This dissertation presents three essays in Political Economy with different approaches, but a single line of inquiry: how can political institutions shape individual behaviors by modifying the incentives of political actors? Krugman and Wells (2005) defines economics as "the study of economies, at both the level of individuals and of society as a whole" and an economy as "a system for coordinating society's productive activities." Political Economy, in parallel, can be seen at the study of politics, at both the level of individuals and of institutions as a whole, where institutions are defined as systems to coordinate individuals' interactions. The two dimensions are important: although politics consists in decisions taken at the individual level, the outcomes are shaped by the institutional rules which thus partly determines those choices. The three chapters presented here consider particular cases of this interdependence between individual political actors and political institutions. Chapter 1 analyzes how the effective super-majority in the US Senate along with the role of parties as imperfect coordinators of politicians' actions affect the incentives of the centrist senators; and suggests in a stylized model that, counter-intuitively, a smaller minority might be more successful in its effort to fight the majority's priorities. Chapter 2 studies empirically how changes in a country's constitutional executive term limits affect the incentives of politicians and the consequences on a country's default probability by considering the effect those shocks have on the perception that international investors have of a country's financial soundness. Chapter 3 completes the parallel between the standard definition of Economics and Political Economy by investigating the understudied extension of markets for goods to markets for votes, and shows that the idiosyncratic characteristics of votes imply that a typical market performs badly in allocating the decision power to the parties valuing it the most. This dissertation not only tackles a series of problems in Political Economy, but also discusses and develops a wide range of methods which are available to understand those issues. Chapter 1 proposes a participation game model where a certain number of contributors are required to pay in order for a public good to be provided. The main theoretical contribution of this paper is to show that when the contribution cost falls in the number of ex-post contributors, not only individual participation is more likely when the required number of participants increases with the size of the group, but the provision probability increases too. On the contrary, this does not occur in a fixed cost model. One practical implication of the model suggests that if a party in the US Senate keeps its majority while losing seats at the center of the political spectrum, it might be more successful in overcoming a cloture vote without any change in policy ideology. This chapter then uses a laboratory experiment to test the model's predictions and underlines how, generally, simple experiments can guide theorists to first find identifiable, testable comparative statics predictions, and second, design experiments which would not be easily replicated in the field and provide clean identification. The experimental results also show the importance of using models with testable implications: although the theory's predictions on individual behavior are qualitatively borne out by the data, the quantitative deviations from standard "rational" behavior as expressed in game theoretical solution concepts differ across the set of parameters and generate aggregate outcomes which do not match the theory exactly. Optimization-based models with additional, behavioral elements, or models of bounded rationality which are discussed in part in that chapter should thus also be an integral part of political economy models: a general equilibrium model which answers its motivating question under the assumption of perfect rationality will only be of limited use if it is not robust to the individual deviations from this assumption that we observe in reality. Chapter 2, co-authored with Laurence Wilse-Samson, is an empirical study which uses an event-study methodology to uncover the impact of changes in a country's constitutional executive term limits on international investors' perception of that country's risk, by analyzing the evolution of bond market spreads around the time of those changes. It provides two main contributions, one methodological, and the other empirical.. The flourishing literature on institutions mainly considers the impact of institutions on low-frequency variables such as fiscal outcomes, while this study uses high-frequency financial data. The trade-off in these two approaches is informative. With high frequency data and using event-studies, the identification is clear: any movement in financial markets can be linked to the institutional change under investigation. However, failures of rational expectations means that this impact on expectations might differ from the effect on realized economic variables. This chapter thus emphasizes that while these two types of analyses are complementary, high-frequency analyses are underused. On the empirical side, the chapter considers the unresolved debate over the impact of term limits on fiscal outcomes, as underlined by contradictory results in the empirical literature. Moreover, theories developed on term limits also suggest ambiguous effects: for instance, do term limits prevent insiders from controlling the political process, or do they prevent elections from creating incentives for the executive to behave well? The chapter considers the movement of bond spreads around term-limits "shocks" and shows that although bond spreads fall after restrictions on term limits, there is no significant impact of extensions. Furthermore, it provides suggestive evidence that the impact of such shocks is larger in relatively weakly institutionalized countries, and that the separation of branches also matter to investors since restrictions implemented by the judiciary also generate strong movements. Finally, Chapter 3, co-authored with Alessandra Casella, is motivated by the simple question of whether in a committee of members belonging to two opposing parties and voting on a binary decision, markets, which have been thoroughly studied in economic theory and are considered to function quite well in allocating goods to the agents valuing them the most, can work in allocating votes and decision power in the same way. Generally, one question in thinking about voting mechanisms has been that formulated by Dahl (1956): "What if a minority prefers an alternative much more passionately than the majority prefers a contrary alternative? Does the majority principle still make sense?". A market for votes appears like an intuitive way to allow members of a committee to sell and buy votes using a numeraire, but this chapter shows that it is unable to do so in an efficient way and usually performs worse than majority voting, in particular in a large electorate. A market for votes indeed yields a competition between the higher-intensity member of each party irrespectively of the size of those parties, which generates a systematic bias in favor of the minority which will win too often. In particular, it is shown that for any party sizes, the probability of a minority victory converges to a half as the electorate becomes infinitely large. The model also emphasizes other inefficiencies: this institution implies intra-party trade and supermajorities. Importantly, the implications of the model have been tested in a laboratory experiment in a previous paper and are generally verified by the experimental results.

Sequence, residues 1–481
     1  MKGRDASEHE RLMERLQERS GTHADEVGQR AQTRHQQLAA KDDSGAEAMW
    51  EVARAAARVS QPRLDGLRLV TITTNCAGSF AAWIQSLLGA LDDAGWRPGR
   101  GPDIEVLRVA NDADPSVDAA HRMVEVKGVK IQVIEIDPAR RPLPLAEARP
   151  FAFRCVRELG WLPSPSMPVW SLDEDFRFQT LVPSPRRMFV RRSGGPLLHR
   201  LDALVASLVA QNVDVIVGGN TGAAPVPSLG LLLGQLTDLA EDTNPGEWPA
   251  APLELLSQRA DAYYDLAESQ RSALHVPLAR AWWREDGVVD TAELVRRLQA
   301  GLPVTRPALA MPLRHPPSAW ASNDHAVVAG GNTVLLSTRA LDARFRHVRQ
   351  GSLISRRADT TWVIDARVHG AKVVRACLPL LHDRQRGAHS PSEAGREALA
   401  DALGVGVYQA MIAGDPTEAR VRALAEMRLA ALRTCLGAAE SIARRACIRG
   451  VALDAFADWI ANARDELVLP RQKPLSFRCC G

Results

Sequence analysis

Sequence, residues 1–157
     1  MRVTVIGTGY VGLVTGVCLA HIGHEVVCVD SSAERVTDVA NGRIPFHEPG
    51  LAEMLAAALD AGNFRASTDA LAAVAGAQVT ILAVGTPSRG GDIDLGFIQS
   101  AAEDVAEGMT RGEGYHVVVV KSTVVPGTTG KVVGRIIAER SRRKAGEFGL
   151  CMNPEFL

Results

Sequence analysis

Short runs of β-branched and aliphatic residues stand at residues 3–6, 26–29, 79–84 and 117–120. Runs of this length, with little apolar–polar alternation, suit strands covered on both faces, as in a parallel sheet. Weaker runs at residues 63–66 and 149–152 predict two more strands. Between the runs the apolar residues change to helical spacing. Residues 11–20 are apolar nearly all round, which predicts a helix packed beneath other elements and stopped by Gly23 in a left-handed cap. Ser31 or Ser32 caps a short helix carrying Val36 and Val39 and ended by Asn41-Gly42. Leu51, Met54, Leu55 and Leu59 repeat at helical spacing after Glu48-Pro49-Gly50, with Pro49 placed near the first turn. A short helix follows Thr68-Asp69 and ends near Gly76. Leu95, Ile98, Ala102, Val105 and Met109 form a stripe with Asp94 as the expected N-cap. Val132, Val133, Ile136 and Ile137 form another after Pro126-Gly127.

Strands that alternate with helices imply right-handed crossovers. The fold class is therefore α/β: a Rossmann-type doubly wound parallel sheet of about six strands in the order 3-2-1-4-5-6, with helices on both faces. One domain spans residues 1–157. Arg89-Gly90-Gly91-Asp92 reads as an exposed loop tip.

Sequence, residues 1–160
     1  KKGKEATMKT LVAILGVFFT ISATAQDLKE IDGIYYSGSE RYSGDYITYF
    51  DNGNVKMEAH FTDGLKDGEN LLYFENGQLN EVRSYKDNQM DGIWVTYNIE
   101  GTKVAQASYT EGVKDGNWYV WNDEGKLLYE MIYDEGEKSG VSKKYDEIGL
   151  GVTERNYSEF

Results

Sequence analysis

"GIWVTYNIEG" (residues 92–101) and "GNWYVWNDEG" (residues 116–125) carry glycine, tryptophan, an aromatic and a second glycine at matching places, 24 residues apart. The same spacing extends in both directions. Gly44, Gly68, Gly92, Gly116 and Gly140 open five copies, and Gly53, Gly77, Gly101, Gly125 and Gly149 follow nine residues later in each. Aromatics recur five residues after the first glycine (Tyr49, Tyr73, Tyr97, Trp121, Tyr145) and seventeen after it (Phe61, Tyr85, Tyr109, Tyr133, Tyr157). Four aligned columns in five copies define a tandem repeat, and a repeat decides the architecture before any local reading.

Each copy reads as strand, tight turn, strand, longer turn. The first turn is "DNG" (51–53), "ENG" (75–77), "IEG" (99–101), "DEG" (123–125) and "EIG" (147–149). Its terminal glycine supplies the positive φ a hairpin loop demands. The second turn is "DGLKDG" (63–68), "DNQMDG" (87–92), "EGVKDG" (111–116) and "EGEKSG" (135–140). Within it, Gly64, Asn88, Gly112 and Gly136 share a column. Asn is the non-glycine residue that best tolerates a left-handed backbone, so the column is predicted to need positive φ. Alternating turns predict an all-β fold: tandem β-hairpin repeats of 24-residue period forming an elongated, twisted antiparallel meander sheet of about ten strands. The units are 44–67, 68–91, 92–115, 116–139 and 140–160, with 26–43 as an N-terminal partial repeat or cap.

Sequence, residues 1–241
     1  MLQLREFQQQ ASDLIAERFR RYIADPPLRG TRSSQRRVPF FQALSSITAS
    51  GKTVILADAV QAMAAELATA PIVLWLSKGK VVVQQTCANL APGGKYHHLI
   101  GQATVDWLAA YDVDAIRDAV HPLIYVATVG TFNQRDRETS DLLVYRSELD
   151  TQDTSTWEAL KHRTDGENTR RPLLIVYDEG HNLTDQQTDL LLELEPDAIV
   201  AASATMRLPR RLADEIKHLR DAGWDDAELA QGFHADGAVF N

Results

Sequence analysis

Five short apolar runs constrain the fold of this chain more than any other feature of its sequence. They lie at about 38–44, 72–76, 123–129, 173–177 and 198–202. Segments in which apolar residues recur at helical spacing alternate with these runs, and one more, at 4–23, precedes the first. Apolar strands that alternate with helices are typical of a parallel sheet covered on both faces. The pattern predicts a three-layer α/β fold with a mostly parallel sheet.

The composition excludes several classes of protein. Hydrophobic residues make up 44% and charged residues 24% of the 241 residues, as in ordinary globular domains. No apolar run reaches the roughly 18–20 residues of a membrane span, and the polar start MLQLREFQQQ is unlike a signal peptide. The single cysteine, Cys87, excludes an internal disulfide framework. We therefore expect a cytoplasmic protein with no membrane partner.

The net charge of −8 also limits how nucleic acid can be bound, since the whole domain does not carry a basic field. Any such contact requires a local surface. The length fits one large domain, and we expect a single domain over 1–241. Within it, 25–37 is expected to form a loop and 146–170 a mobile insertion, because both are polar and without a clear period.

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More About This Work

Academic Units
Thesis Advisors
Casella, Alessandra
Ph.D., Columbia University
Published Here
September 19, 2013